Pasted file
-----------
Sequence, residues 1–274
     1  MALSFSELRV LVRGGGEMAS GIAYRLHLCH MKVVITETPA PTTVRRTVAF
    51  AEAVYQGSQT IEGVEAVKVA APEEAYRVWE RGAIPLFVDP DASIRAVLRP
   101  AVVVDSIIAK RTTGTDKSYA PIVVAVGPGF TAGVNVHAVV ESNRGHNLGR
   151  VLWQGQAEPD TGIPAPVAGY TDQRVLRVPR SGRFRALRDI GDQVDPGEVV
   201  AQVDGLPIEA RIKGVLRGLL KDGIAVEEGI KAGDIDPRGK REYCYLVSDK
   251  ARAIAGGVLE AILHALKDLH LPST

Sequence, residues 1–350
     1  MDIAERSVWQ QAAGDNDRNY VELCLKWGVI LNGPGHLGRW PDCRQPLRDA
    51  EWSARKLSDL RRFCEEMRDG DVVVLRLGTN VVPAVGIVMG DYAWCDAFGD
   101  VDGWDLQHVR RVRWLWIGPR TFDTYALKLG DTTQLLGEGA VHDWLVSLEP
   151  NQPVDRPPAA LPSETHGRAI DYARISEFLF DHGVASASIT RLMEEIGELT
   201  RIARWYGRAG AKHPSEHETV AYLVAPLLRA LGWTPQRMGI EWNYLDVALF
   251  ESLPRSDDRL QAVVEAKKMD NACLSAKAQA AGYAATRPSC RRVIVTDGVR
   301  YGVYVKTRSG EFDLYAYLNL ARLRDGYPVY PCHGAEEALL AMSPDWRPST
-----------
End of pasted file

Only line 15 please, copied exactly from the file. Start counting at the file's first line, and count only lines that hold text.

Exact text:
   301  YGVYVKTRSG EFDLYAYLNL ARLRDGYPVY PCHGAEEALL AMSPDWRPST